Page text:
Russian Classical Ballet Academy

How Ballet Began

Ballet has its origins in the 15th and 16th centuries, at the royal courts of Italy and France. The courts were splendid places where high standards of dress and behavior were expected from the courties (the nobles who served the royal family). Courties were taught how to dance elegantly, as music and dancing were important parts of court entertainments.

The first ballets

Ballet 1582

Spectacular court entertainments had elaborate scenery and stage effects. The courties danced in heels and highly decorated costumes. The audience often watched from galleries, so the dancers were taught certain steps and patterns that could be appreciated from above. These dances were the first ballets, known as ballets de cour or court ballets.

The Sun King

In 1643, Louis XIV came to the French throne. He was an avid dancer and it was during his reign that ballet developed as an art form. He set up the Academie Royale de Danse, which taught specific steps to professional dancers for his court. Then, in 1669, Louis opened an opera house by professional dancers. At first, only men were allowed to dance in the theaters but in 1681, women were allowed to dance professionally too.

Marie Camargo

Ballet began to be performed separately from operas, but dancers were still wearing heavy costumes and shoes with heels, as they did in the ballets de cour. Then, in the mid-18th century, Marie Camargo caused a big stir. She was the first ballerina to shorten her skirts so that the audience could see her calves and ankles, and she wore flat ballet slippers to improve her technique.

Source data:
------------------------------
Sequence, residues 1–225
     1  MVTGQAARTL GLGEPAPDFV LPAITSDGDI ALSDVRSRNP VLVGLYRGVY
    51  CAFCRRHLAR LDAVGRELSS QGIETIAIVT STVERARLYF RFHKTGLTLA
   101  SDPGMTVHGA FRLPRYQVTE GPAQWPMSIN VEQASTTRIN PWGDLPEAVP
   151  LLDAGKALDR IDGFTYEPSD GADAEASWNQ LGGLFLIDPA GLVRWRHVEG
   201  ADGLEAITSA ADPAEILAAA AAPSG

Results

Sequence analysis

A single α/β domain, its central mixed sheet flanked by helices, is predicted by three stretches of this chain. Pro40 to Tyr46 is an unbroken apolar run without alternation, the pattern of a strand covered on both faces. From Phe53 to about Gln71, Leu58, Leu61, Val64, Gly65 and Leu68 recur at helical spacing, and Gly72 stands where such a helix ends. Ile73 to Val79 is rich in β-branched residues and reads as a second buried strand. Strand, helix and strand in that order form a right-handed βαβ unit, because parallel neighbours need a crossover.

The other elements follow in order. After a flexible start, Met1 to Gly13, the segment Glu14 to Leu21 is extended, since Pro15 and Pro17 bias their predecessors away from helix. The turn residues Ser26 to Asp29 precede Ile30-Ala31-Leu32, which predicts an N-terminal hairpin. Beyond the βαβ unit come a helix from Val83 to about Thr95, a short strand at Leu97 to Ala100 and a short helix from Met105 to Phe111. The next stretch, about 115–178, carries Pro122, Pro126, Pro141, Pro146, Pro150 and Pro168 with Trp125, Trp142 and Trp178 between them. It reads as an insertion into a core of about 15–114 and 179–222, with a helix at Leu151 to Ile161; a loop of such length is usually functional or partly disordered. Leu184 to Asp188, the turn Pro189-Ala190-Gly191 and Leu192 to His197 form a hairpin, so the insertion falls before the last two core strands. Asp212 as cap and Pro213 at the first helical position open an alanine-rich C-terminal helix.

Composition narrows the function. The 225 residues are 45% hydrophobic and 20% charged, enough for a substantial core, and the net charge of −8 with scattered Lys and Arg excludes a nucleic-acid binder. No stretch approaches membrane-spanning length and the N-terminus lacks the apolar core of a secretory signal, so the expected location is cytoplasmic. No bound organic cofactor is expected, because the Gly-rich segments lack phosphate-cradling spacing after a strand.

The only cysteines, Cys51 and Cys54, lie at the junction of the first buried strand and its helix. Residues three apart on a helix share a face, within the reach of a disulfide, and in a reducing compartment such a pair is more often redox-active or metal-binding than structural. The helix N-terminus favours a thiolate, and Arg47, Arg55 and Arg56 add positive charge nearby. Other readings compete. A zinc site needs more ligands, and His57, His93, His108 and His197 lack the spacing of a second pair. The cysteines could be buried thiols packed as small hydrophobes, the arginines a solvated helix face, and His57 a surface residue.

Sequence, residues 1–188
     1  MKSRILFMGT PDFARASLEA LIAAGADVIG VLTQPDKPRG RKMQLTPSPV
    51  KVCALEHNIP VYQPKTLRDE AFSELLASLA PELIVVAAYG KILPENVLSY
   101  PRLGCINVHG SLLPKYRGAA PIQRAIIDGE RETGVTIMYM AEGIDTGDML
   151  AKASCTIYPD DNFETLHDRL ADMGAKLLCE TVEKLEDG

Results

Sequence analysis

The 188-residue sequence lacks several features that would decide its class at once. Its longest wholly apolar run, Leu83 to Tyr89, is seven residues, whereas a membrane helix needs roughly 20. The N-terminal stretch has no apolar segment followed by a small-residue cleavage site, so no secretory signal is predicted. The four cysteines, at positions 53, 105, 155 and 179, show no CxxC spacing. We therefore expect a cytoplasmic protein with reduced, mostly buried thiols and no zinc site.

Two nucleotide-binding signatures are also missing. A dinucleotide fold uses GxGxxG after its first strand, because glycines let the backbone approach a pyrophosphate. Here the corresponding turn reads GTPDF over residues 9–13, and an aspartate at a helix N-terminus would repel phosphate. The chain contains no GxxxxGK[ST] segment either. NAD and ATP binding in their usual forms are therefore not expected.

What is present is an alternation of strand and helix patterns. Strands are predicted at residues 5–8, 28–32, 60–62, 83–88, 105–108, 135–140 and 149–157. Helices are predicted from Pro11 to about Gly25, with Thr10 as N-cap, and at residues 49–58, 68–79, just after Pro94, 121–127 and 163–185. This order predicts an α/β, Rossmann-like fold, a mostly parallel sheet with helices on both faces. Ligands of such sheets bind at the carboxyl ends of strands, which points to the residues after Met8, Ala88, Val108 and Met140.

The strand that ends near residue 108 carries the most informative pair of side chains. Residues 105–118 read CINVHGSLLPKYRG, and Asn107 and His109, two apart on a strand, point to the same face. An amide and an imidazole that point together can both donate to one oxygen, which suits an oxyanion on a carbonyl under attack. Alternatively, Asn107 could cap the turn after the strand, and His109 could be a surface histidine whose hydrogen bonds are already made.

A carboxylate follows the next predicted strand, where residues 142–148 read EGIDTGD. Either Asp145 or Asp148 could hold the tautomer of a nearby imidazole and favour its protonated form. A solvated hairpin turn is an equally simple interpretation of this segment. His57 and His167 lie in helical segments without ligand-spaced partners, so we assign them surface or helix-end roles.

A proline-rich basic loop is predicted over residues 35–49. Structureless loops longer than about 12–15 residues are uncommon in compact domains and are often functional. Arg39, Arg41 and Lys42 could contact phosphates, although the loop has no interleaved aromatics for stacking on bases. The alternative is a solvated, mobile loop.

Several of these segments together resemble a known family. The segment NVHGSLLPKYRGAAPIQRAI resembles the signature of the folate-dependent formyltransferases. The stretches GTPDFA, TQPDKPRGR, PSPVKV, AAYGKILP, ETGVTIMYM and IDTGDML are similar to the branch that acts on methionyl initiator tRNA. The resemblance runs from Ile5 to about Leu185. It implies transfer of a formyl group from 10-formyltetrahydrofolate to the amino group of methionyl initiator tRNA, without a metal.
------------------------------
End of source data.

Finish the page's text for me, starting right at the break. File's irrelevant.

Romantic ballets

In the early to mid-19th century, an artistic movement called Romanticism had a strong influence on writing, painting, and music. It aimed to make people feel strong emotions, based on excitement and the beauty of wild nature. Romanticism had an effect on ballet, too, and Romantic ballets of this period often have two settings - a "real" world and a "ghostly" one. Not many ballets survive from this period, but ones that are still popular are La Sylphide and Giselle. The second acts of these Romantic ballets are known as "white acts". In these acts, the dancers are all dressed in white to represent the ghostly world.

Tutus and pointe shoes

One important change in Romantic ballets was that the ballerina became a focal point for the ballet. Before this, male dancers danced the more important parts. Female dancers began to wear a costume now referred to as the Romantic tutu - a long, layered skirt that showed the feet and lower legs. The most famous dancer of this period is Marie Taglioni. She was the first ever to dance on pointe - balancing on the very tips of the shoes. Dancing on pointe lengthens the line of the legs and feet, giving the impression that the dancer is floating.